Government health warning

For the past 12 weeks many in the social care sector have been
taking more than a sideways glance at the government’s latest
initiative on public health. But there are fears that the white
paper, to be published in July, will not place enough emphasis on
joint working across health, social care and housing and will
contain some glaring omissions, notably mental health.

The deadline for the consultation on the Choosing Health?
white paper ended on 28 May. While it had worthy aspirations, many
fear it over-emphasises physical health and would put the NHS in
the driving seat for medical model of public health.

The Sainsbury Centre for Mental Health launched the first salvo
before health secretary John Reid’s signature had dried on the
consultation document. It said the document was more concerned with
mortality than ill-health, claiming the subsequent consultation
process picked off the problems that could be targeted and

Angela Greatley is acting chief executive of the Sainsbury Centre
for Mental Health. Although mental health promotion has its own
national service framework standard that calls on “health and
social services to promote mental health for all working
individuals and communities” she says it has not been given enough
attention. “The pay off for investing attention in promoting good
mental health could be enormous.”

She adds that the white paper consultation document should have
been an opportunity to “redraw attention” to the importance of
joint working in mental health. “Setting up community mental health
teams and assertive outreach teams is tangible and can be ticked
off and measured. They have made good progress but there has been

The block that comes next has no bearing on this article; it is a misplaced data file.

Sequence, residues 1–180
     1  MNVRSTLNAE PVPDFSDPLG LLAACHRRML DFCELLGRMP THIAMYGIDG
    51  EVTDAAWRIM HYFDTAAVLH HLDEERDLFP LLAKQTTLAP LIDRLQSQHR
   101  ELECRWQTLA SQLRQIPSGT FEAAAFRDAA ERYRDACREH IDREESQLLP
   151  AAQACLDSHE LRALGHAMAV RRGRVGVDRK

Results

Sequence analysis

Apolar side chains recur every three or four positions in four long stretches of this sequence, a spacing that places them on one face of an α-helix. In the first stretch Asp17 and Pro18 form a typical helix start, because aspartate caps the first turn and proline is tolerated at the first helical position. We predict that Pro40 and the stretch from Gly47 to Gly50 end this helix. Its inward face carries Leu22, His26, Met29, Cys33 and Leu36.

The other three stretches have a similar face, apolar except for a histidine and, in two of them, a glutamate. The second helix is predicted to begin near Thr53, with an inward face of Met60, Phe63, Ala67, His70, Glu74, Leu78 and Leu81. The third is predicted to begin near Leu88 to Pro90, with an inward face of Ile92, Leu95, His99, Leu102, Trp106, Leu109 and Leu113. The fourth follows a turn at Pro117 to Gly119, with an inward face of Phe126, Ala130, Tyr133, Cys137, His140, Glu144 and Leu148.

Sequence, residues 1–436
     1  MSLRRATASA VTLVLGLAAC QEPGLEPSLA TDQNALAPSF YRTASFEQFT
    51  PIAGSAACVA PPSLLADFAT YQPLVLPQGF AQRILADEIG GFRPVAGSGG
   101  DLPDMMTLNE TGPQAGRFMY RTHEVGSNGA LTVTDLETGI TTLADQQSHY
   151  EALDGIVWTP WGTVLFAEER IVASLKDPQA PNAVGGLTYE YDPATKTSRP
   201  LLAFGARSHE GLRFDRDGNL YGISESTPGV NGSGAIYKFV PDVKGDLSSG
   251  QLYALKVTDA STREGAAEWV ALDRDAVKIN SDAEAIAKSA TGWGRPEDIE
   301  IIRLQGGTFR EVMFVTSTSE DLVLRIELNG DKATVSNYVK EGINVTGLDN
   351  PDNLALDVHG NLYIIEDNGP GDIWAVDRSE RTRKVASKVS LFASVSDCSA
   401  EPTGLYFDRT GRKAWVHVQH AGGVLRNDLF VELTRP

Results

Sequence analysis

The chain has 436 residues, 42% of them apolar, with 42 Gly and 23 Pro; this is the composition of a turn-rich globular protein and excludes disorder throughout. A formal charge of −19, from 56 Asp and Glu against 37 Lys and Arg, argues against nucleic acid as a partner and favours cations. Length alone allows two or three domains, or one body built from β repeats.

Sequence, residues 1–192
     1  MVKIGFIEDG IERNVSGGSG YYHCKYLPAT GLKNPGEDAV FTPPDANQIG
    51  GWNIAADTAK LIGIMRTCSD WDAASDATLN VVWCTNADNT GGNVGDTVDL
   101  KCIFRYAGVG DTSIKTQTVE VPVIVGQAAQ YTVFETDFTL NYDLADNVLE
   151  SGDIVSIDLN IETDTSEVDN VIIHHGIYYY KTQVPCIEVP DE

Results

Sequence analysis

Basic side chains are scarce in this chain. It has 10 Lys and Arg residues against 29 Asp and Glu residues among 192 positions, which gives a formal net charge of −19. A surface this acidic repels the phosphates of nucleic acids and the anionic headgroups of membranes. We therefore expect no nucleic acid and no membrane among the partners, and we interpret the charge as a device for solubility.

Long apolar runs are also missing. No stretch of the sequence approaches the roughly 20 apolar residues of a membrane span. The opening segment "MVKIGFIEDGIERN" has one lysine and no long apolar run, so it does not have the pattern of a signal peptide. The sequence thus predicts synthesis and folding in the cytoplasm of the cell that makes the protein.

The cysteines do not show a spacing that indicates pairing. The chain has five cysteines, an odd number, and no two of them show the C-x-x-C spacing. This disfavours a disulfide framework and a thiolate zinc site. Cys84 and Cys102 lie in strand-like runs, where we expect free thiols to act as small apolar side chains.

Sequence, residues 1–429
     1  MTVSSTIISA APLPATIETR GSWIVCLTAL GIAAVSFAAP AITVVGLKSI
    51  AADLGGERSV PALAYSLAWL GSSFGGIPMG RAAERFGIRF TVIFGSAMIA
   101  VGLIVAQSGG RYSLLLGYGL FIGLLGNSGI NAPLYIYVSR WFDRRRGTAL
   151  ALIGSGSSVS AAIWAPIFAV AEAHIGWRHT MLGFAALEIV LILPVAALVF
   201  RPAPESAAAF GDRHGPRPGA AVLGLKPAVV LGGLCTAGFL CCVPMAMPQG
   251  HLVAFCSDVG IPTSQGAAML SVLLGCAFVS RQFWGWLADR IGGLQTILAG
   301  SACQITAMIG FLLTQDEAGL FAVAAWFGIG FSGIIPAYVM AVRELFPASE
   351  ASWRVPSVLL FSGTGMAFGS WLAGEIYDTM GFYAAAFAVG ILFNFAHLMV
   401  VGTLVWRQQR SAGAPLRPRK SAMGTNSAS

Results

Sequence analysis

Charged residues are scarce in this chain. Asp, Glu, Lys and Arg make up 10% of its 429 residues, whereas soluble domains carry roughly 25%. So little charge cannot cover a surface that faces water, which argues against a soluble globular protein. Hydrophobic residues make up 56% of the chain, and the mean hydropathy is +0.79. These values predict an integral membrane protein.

no significant movement on standard one of the NSF.”

Mental Health Foundation chief executive Andrew McCulloch argues
that the government continually ignores the mental health aspects
of public health despite the timeliness of developing mental health
promotion. “This relationship is a complex one mediated by stress,
risk-taking behaviour, exclusion, deprivation and biological
factors. We cannot pretend to understand health unless we can grasp
the complexity of this relationship.”

By not making this link McCulloch sees the government’s latest
attempt at public health as naive. “It shows a shocking lack of
progress since previous public health documents – arguably it shows
a significant regression in terms of the understanding of the
importance of public mental health.”

Greatley calls for a re-emphasis on public health targets “where
area-based regeneration projects have mental health promotion built

The reality on the ground is that community mental health teams are
still fire-fighting and having to deal with people in crisis with
little or no capacity for prevention work. This situation is no
more pressing than in Manchester where health inequalities are the
worst in England. Its suicide rate is the highest in the country; a
baby boy born in the city today will live 10 years fewer than one
born in the south of England; and 72 per cent of people with a
mental health problem aren’t known to the area’s local

However, joint work between health and social care through local
strategic partnerships and local public service agreements is
beginning to make a difference by proactively promoting people’s
mental health.

David Regan is director of the Manchester Joint Health Unit, which
brings together health and social care planning with Manchester
Council. He says: “The NHS can’t turn around the situation alone.
In fact it has failed consistently.”

Public health in Manchester aims to regenerate communities –
improving health means improving jobs, transport and education.
“There is already evidence to show that having a job and staying in
education as long as possible will result in the improvement of a
whole range of indicators,” Regan says. “Having a job is the best